HONG KONG – Just as the Chinese celebrated the start of the year of the pig, authorities in Hong Kong warned that its residents were facing a porcine influx of a different nature as groups of wild boar had trotted into the densely populated autonomous territory.
Some welcome the invasion as a sign of fortune and prosperity, but in other cases tensions were rising as human citizens and the hairy pigs in their midst struggled to get along.
As the vast metropolis continues to eat away the surrounding green spaces, the wild boards have been drawn to the city in growing numbers and are regularly spotted meandering through Hong Kong’s shopping malls, airport and university.
However, their mingling with locals have often resulted in attacks on humans, the Agriculture, Fisheries and Conservation Department said.
The AFCD said that boar attacks on humans have soared since 2013 with over 700 incidents recorded in 2017 alone, which translated as an average of two a day.
The primary reason the boars have invaded the city is due to food, which causes them to lose their natural instincts, said Paul Crow, a senior conservation office at Kadoorie Farm and Botanic Garden’s Wild Animal Rescue Center.
Mismanagement of urban waste, which often contains large volumes of food that are attractive to animals, paired with many people erroneously thinking they are helping wild animals that otherwise would have nothing to eat is, itself, feeding the problem.
Crow is of the opinion that the best way to solve the issue would be government action that marries effective waste management policies paired with construction and urban design that addresses the challenges.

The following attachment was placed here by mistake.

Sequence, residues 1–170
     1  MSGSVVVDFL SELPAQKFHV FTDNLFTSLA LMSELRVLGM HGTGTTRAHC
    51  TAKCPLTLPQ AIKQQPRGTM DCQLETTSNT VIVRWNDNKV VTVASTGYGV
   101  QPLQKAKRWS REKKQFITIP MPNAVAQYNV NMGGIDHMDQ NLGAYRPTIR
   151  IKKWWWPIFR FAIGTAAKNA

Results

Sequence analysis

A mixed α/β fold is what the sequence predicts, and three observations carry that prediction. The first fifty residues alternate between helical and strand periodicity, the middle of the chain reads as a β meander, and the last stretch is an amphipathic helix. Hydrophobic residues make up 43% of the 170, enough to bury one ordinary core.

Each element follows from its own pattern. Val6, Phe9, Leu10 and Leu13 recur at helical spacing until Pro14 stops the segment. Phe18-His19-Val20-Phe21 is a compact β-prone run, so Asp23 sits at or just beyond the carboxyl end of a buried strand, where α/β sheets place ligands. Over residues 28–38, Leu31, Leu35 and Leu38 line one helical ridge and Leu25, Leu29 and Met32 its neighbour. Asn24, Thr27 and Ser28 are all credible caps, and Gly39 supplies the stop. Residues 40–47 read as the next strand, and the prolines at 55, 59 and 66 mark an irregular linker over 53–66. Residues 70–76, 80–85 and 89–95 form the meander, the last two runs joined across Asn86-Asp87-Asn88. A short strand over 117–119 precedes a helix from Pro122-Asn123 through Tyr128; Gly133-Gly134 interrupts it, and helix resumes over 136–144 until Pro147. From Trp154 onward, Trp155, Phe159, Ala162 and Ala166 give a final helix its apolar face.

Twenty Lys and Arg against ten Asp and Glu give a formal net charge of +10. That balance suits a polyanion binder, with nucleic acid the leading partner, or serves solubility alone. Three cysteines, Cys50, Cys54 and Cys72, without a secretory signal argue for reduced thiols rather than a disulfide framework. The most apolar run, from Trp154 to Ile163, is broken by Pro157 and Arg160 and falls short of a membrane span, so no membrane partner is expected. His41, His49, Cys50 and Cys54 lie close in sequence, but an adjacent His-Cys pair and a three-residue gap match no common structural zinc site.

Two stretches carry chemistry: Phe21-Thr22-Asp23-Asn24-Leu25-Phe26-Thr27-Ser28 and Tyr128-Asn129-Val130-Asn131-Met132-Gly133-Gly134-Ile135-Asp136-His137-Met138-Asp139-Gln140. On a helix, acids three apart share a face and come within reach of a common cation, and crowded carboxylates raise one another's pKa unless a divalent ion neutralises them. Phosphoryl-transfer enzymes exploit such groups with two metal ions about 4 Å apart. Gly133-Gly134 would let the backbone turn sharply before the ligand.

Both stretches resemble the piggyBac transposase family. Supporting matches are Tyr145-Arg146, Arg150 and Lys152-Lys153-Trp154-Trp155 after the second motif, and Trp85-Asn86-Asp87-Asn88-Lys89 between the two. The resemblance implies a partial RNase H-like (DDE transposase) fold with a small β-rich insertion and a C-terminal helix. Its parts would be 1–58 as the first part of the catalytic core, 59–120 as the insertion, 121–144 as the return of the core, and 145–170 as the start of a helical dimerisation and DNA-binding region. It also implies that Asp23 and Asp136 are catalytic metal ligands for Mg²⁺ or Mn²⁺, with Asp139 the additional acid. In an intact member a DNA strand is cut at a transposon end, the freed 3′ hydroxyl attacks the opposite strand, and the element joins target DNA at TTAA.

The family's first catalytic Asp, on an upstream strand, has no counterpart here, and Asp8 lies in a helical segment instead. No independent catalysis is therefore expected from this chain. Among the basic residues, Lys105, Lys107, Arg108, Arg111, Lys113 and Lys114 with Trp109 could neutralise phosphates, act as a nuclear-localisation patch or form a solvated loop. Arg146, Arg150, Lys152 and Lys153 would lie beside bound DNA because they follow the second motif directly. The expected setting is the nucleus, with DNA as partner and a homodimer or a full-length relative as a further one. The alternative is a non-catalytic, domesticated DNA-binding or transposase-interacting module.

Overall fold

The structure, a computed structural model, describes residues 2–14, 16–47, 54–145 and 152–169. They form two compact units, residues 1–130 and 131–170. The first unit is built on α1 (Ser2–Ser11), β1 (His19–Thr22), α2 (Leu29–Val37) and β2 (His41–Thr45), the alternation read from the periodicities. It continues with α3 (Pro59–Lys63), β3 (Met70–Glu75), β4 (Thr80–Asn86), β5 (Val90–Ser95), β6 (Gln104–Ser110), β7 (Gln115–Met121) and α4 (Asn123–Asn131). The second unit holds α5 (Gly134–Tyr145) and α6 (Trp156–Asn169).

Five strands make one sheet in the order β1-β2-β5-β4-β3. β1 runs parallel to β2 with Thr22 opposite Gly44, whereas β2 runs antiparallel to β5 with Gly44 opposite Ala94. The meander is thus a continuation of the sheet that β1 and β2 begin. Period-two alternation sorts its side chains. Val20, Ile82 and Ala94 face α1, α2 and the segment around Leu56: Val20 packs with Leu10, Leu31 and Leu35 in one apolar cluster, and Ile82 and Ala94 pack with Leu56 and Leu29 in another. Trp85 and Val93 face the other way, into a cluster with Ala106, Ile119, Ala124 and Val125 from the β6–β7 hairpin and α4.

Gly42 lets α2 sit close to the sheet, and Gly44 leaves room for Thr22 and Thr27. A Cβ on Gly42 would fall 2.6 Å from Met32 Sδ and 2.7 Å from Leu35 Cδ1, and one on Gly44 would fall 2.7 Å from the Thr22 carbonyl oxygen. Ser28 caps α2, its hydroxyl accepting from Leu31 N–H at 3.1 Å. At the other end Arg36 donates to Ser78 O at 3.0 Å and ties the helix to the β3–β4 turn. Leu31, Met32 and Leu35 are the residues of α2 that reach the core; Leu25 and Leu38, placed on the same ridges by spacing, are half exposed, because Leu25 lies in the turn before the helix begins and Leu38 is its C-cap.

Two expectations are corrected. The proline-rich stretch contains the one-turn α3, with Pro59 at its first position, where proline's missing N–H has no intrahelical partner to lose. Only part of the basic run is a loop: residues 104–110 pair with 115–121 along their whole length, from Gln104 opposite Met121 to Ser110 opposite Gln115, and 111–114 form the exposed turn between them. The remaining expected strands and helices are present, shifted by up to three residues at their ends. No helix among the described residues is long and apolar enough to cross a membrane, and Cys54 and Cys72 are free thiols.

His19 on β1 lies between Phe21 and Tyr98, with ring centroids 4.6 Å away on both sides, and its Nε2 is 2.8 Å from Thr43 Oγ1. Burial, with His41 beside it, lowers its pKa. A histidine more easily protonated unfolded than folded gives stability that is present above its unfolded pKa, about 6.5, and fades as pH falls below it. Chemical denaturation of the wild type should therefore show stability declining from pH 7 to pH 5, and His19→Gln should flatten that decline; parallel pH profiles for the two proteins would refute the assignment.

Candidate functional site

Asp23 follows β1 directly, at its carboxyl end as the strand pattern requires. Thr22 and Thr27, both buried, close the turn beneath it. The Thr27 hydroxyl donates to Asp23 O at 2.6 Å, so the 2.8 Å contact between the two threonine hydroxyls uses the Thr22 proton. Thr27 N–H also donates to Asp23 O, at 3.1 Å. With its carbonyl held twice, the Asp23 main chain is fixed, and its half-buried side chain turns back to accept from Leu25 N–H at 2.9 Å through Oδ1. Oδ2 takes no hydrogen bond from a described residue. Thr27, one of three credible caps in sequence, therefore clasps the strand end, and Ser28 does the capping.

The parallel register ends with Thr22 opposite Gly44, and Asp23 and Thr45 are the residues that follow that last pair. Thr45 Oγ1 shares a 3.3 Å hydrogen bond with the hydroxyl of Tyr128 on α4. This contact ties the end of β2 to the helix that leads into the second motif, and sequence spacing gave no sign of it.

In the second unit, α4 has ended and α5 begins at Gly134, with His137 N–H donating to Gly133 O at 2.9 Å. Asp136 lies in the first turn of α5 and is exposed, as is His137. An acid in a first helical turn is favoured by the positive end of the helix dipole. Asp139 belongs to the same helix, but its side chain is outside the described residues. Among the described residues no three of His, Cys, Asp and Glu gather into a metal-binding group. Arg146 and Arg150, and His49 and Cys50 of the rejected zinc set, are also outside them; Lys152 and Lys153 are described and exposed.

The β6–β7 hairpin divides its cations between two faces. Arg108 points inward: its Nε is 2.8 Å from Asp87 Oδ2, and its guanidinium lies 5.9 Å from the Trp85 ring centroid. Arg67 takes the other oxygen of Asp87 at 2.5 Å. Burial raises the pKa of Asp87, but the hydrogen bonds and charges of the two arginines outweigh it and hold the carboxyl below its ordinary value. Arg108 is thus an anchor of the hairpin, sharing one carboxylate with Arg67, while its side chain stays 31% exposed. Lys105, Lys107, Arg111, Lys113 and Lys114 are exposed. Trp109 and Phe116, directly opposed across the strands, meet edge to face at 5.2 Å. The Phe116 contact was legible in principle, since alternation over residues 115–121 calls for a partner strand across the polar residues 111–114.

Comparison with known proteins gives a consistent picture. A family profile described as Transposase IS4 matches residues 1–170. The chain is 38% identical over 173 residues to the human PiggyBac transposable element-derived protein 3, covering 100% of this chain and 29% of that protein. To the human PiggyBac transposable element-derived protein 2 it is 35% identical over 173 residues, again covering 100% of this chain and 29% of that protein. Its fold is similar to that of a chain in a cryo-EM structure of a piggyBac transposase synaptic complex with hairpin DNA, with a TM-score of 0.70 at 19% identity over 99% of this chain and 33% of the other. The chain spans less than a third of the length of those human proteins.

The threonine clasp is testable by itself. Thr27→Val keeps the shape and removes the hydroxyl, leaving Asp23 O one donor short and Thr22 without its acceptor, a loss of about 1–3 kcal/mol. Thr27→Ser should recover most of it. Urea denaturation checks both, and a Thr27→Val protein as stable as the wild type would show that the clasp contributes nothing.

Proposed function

The AFCD has warned Hong Kong citizens not to interact directly with the boars, given they are wild animals, and has suggested that feeding the creatures should be criminalized because the soaring numbers is disrupting the dynamics between wild animals and humans.
Authorities are mulling what to do next.
One member of parliament suggested releasing larger predators into the wild in the hope they would kill the wild pigs reducing numbers, but this idea was ruled out early on due to the larger threat these predators would pose for humans.
Another MP pondered relocating the boars to uninhabited islands – of which Hong Kong has over 250 across the Kowloon peninsula spanning over 500 square meters (0.3 square miles) – but many challenged whether this would be effective given boars are very competent swimmers.
For the moment authorities are putting all their efforts behind educating Hongkongers as well as researching designs of boar-proof rubbish bins.
The government has ruled out a cull, which was authorized a few years ago but ended in 2017 due to concerns over public safety and animal rights.
As an interim solution, the AFCD has launched a pilot program to catch and relocate the animals to more remote areas after the pigs have been micro-chipped as well as, in some cases, had a GPS tracking collar fitted in order to be able to relocate them if they were to stray again.
“Since launching this program we have caught an average of three wild pigs during each sweep. This indicates that catching them is more efficient than hunting where on average they would hunt down one wild pig with every sweep,” Vivien Chan from the AFCD said.
Female boars are also injected with a contraceptive which is efficient for around five years whilst authorities also consider the use of surgical sterilization.
Karthi Martelli, one of the vets working on the sterilization program thinks that the key issue is that we are taking away spaces from wildlife for human use, even though 40 percent of the city’s surface area is allocated to green spaces, parks and protected nature reserves.
In these spaces, wild boars cohabit with deer, porcupines, otters, snakes, endangered pangolin and over 530 species of birds, some of which are also endangered.
Figures suggest wild boars need not worry about extinction just yet.